I had a midwife during my pregnancy and I adored her. In my experience, midwives offer a more casual, relaxed...
I had a midwife during my pregnancy and I adored her. In my experience, midwives offer a more casual, relaxed point of view, and tend to be more open to natural birthing methods. It's not across the board, but midwives are a great choice if you want to lower your risk of labor and birth interventions, get more personalized care, and gain better educational benefits - i.e midwives have been shown in studies to spend more time per patient in general and more time teaching their patients about labor and birth options and issues. If you're looking for a midwife... ACNM: ACNM-certified midwives come in two flavors - certified nurse midwife (CNM) or certified midwife (CM). ACNM has a specific set of nationally accredited training that all midwives go through. Most ACNM midwives have at least a bachelors degree, but many (estimated 70%) hold masters as well. ACNM midwives can work in hospitals, birth centers, and some do home births. Certified: Certified professional midwives also go through a specific training (by the North American Registry of Midwives). Lay or direct entry midwives: These midwives usually train under a mentor or apprenticeship situation. They may attend workshops, classes, and other formal instruction as well. Which to choose?: Honestly, a lay midwife can be just as qualified as an ACNM midwife. While an ACNM midwife may have had formal training, a lay midwife could have attended far more births. In the case of midwives I think it's best to one, choose the title that makes you comfortable. Some women just won't feel safe at their birth unless it's attended by a midwife with a degree. You don't need a degree to be a good midwife, but if the degree makes you feel safe, you should choose that type of midwife. Two, you should go by the person. Not all midwives suit all personalities. Just because you have a midwife, it doesn't mean she (or rare cases he) will be on board with all your ideals. Make sure you interview your potential midwife and spend some time getting to know her. Stuff to keep in mind:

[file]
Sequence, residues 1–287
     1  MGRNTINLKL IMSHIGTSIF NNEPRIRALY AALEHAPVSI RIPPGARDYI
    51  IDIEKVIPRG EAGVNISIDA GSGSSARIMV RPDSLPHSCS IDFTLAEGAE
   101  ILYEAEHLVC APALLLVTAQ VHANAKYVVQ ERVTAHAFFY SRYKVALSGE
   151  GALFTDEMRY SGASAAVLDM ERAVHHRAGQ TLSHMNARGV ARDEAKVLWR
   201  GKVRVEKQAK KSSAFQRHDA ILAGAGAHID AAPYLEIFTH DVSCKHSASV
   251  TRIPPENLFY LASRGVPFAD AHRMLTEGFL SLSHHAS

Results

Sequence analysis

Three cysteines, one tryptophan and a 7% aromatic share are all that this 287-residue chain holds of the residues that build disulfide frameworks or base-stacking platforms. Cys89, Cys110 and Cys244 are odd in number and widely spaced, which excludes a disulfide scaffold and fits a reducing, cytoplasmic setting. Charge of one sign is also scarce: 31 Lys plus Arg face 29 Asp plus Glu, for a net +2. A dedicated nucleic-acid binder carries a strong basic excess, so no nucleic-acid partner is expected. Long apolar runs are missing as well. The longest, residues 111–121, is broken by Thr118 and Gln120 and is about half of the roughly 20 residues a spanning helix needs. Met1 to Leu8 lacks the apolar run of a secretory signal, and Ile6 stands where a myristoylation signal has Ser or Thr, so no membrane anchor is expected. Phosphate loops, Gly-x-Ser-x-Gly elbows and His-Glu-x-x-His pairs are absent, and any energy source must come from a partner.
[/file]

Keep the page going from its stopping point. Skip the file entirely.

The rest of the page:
- Not all states feel that midwifery in all shapes and forms is legal. If you want a midwife, you'll need to check on your state's specific laws surrounding midwives and, if you're interested, home birth.
- If you have complications, there's a good chance your pregnancy will be turned over to an OB vs. a midwife. Midwives do not perform c-sections and usually don't take on higher risk patients. It's smart to ask who will be your doctor in case you do have to switch.
- Spiritual Midwifery
- Giving Birth: A Journey Into the World of Mothers and Midwives
- The Thinking Woman's Guide to a Better Birth
- Mothering Magazine's Having a Baby, Naturally: The Mothering Magazine Guide to Pregnancy and Childbirth
- Heart & Hands: A Midwife's Guide to Pregnancy & Birth
- Diary of a Midwife
- Baby Catcher: Chronicles of a Modern Midwife